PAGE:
WSWS International Editorial Board meeting

Nick Beams: Report on world economy in 2006

Part Three

By Nick Beams
2 March 2006

Part 1 | Part 2 | Part 3

Published below is the conclusi on of a three-part report delivered on January 22, by Nick Beams to an expanded meeting of the World Socialist Web Site International Editorial Board (IEB). Beams is a member of the WSWS IEB and National Secretary of the Socialist Equality Party (Australia), which hosted the meeting in Sydney from January 22 to 27, 2006. Part one and Part two were published on February 28 and March 1, respectively. David North’s opening report to the WSWS IEB meeting was published on 27 February. Further reports will be published subsequently.

To conclude this survey, let me cite recent remarks by the Bank of England’s deputy governor for financial stability, Sir Andrew Large. Large pointed to what he called “some less benign aspects” of the present-day financial system, including the difficulty of knowing the real value of assets and contracts, a reliance on financial models that have not been tested over a range of economic conditions, uncertainty about the behaviour of new participants in the market and “the difficulty we have in judging just how deep markets will prove to be should a number of substantial investors decide simultaneously to try to realise their investments. ... The question is: are vulnerabilities mounting, and will they one day crystallise when a bigger shock arrives that the market simply cannot absorb? The fact is, we just don’t know.”

The growth of exotic financial instruments, many of which did not exist even a few years ago, is quite extraordinary. Hedge funds now have at their disposal at least $1 trillion, an amount which has doubled since 1998. And it is estimated that in 2006 the derivatives market will grow to half a quadrillion; that is, to $500 trillion, more than 10 times the world’s GDP—which is around $45 trillion.

Another significant event of the recent period has been the rise in the gold price, now hitting 25-year highs of around $560 per ounce. The shift into gold reflects the growing lack of confidence in all the major currencies. When the Nixon administration removed the gold backing from the US dollar in 1971, ending the Bretton Woods system, the dollar became an international fiat currency. But in the 35 years since, it has never been able to provide a stable basis for the international monetary system.

In the period of stagflation at the end of the 1970s, the dollar dropped to record lows, leading eventually to the Volcker shock in 1979, when US interest rates were lifted to record levels. This resulted in the deepest recession since the 1930s and a major financial crisis in the so-called under-developed countries. The increase in the value of the US dollar led to a widening trade gap, as US exports were priced out of world markets. This resulted, in 1985, in the Plaza agreement, under which the central banks agreed to lower the dollar’s value. But that decision had far-reaching consequences, not the least of which was an increase in the value of the yen and the creation of an assets and stock market boom in Japan that eventually collapsed in 1989, giving way to more than a decade of deflation.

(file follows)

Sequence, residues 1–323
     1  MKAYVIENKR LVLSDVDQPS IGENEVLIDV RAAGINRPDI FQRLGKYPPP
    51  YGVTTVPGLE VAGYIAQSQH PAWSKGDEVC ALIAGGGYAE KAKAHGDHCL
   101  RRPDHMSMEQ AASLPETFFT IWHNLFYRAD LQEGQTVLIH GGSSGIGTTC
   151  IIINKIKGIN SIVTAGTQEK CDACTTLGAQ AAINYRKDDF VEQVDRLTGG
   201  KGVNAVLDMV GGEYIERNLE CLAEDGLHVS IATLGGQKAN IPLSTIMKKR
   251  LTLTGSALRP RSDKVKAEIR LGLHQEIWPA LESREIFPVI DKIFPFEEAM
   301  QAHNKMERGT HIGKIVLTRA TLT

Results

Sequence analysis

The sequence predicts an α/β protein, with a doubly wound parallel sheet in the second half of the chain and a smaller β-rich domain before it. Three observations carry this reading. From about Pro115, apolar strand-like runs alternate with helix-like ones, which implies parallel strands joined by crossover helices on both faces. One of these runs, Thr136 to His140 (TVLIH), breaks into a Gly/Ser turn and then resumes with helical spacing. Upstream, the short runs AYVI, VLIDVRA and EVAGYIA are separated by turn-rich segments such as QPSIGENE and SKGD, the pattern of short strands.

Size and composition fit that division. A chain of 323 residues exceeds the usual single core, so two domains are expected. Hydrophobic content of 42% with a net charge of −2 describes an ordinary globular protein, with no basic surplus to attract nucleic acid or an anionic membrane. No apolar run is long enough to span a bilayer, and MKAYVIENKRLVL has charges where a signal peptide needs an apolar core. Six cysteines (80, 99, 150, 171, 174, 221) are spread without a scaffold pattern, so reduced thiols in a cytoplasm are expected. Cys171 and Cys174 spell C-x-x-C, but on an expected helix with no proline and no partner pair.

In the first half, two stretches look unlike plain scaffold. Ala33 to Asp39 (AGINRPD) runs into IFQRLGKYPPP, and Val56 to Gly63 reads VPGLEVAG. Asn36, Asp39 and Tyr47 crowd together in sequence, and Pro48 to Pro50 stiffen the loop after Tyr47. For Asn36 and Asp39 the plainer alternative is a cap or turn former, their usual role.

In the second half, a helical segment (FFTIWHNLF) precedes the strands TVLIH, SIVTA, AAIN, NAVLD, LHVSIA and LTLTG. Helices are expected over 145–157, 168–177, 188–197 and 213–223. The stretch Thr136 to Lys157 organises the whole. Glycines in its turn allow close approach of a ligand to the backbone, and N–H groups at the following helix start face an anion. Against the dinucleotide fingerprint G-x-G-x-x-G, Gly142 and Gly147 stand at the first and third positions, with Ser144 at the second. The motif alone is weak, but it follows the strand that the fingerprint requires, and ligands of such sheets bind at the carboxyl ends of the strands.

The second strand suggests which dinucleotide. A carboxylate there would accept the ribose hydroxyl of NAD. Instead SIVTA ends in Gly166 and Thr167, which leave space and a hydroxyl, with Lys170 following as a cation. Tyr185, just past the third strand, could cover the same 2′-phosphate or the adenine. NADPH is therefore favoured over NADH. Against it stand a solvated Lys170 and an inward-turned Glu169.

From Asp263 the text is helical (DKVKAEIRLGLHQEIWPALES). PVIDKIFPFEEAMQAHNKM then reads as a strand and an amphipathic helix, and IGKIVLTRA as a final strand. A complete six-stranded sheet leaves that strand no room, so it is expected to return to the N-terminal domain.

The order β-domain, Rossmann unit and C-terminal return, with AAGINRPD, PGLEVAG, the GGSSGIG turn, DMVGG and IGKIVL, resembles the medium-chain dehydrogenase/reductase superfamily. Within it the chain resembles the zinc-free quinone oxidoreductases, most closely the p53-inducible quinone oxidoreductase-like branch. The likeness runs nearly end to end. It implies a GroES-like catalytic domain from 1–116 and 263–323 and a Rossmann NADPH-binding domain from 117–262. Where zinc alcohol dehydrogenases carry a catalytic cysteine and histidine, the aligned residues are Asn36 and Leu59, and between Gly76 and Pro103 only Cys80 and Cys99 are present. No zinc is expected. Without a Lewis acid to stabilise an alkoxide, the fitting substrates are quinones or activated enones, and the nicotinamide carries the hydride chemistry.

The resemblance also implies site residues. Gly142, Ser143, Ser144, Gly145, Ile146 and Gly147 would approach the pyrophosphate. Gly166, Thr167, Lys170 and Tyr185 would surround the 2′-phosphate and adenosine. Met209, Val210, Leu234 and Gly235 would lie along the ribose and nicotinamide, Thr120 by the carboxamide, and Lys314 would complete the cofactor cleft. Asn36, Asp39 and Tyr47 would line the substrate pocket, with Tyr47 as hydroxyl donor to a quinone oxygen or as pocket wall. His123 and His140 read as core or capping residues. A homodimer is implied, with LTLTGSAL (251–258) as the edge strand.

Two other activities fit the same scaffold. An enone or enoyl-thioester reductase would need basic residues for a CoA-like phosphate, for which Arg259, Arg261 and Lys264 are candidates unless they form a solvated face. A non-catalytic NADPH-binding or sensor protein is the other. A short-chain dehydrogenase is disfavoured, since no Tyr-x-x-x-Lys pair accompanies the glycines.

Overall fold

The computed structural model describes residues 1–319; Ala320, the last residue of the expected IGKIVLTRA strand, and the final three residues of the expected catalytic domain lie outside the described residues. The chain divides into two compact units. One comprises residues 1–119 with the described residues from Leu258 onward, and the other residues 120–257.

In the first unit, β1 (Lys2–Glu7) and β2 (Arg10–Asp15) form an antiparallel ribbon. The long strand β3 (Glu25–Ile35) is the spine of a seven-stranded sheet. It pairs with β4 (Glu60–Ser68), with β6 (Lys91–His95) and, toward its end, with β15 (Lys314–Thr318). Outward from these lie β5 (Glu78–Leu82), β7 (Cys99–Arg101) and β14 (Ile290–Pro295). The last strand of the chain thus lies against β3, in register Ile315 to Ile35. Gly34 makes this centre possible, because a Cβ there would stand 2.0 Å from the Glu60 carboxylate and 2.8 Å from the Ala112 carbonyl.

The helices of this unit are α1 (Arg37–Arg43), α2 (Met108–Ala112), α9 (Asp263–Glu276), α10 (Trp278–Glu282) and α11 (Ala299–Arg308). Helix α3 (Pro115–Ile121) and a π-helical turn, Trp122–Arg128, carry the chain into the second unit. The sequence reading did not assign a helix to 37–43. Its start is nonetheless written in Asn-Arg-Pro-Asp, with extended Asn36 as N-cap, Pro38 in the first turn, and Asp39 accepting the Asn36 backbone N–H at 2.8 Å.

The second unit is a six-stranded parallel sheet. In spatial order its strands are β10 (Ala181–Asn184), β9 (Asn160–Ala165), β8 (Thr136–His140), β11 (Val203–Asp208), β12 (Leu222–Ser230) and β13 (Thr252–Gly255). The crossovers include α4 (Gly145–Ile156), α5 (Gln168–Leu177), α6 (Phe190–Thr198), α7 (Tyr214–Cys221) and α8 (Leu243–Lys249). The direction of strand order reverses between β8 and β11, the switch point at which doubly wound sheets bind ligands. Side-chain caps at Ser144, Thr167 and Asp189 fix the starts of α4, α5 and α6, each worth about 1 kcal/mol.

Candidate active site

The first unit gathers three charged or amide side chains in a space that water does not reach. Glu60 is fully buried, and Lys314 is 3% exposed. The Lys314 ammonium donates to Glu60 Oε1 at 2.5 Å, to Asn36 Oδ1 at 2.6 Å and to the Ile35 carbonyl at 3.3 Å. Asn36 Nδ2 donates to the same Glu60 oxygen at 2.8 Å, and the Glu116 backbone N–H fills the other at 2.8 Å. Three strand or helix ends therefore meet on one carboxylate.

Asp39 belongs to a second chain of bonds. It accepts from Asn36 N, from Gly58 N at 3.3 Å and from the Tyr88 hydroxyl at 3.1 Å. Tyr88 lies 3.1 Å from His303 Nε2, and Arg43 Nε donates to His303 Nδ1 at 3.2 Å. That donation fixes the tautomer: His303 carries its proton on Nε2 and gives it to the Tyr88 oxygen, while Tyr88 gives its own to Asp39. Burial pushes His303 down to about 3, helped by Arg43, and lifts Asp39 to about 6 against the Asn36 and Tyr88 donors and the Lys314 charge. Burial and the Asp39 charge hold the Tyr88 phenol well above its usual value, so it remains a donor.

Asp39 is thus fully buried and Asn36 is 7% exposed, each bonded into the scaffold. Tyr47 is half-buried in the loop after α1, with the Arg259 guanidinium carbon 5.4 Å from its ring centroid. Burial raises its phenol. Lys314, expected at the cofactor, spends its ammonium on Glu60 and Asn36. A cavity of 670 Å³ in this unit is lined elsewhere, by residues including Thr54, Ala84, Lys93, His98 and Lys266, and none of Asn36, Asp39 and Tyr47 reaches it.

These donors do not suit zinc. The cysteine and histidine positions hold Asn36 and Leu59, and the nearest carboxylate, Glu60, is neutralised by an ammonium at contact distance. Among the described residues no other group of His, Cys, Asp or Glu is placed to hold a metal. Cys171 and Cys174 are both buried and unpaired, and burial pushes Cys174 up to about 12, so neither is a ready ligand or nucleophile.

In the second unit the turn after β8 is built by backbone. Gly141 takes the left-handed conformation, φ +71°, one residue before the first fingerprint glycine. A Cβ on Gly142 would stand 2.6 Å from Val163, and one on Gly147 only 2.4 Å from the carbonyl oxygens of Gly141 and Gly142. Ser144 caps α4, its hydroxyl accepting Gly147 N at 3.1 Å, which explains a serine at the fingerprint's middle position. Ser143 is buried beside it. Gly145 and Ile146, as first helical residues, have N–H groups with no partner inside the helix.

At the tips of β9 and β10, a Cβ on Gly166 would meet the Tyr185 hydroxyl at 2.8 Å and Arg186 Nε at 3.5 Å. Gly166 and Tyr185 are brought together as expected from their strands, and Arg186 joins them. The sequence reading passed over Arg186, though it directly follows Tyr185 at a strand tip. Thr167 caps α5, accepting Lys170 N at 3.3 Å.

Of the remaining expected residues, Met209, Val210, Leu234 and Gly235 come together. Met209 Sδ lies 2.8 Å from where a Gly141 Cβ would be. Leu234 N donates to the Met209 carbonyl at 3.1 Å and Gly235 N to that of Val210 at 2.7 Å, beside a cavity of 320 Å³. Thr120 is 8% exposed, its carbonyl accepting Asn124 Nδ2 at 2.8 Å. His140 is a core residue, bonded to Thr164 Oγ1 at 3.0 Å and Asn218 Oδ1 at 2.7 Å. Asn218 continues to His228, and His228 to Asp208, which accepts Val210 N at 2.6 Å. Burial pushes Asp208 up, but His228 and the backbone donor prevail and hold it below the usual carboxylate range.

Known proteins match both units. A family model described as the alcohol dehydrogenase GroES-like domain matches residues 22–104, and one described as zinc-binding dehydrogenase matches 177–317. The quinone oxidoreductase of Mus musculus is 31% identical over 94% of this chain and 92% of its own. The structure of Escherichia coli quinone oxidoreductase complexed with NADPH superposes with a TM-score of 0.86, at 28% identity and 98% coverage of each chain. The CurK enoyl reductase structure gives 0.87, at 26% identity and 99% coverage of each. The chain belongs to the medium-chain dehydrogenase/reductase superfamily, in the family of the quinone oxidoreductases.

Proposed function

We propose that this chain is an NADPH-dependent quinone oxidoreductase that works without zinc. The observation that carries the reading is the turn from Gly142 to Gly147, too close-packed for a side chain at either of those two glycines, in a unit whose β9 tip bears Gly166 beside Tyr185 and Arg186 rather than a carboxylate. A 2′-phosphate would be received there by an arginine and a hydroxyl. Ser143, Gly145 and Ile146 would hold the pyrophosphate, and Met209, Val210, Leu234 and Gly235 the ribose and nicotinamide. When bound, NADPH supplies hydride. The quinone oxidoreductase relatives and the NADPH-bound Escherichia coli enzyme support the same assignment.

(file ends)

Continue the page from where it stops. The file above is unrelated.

The dollar had fallen so rapidly that by 1987 there was agreement that its value had to be stabilised—resulting in the Louvre agreement. However, differences between the US and Germany over interest rates led to turbulence in financial markets and the share market crash of October 1987.

The newly installed Federal Reserve Board chairman Alan Greenspan responded to the crash in a way that was to become very familiar over the next 18 years. He opened up the financial spigots, guaranteeing credit to financial institutions that might experience difficulty. The share market collapse was thus halted—with massive intervention by financial authorities—but the currency storms continued. The early 1990s saw a crisis of the British pound and of the Scandinavian banking system. Then came the Mexican crisis of 1994, in which the Clinton administration intervened to bail out US banks and financial institutions.

By the end of 1996, it was apparent that a stock market bubble was developing in the United States—a fact that was acknowledged by Greenspan during a meeting of the Fed board. But apart from one statement about “irrational exuberance” no action was taken. Wall Street’s opposition to the one interest rate rise initiated by Greenspan in 1997 was so intense that the Fed chairman concluded that no action should be taken to halt the escalation of share prices. In any case, the eruption of the Asian crisis was the signal for an easing of liquidity.

When the share market bubble eventually burst in early 2001, Greenspan’s response was to cut interest rates. The effect was to create a housing market bubble as interest rates went to record lows. In the recent period, the Fed has lifted rates, largely out of fear that, unless it did so, it would have no response when the next financial crisis hit.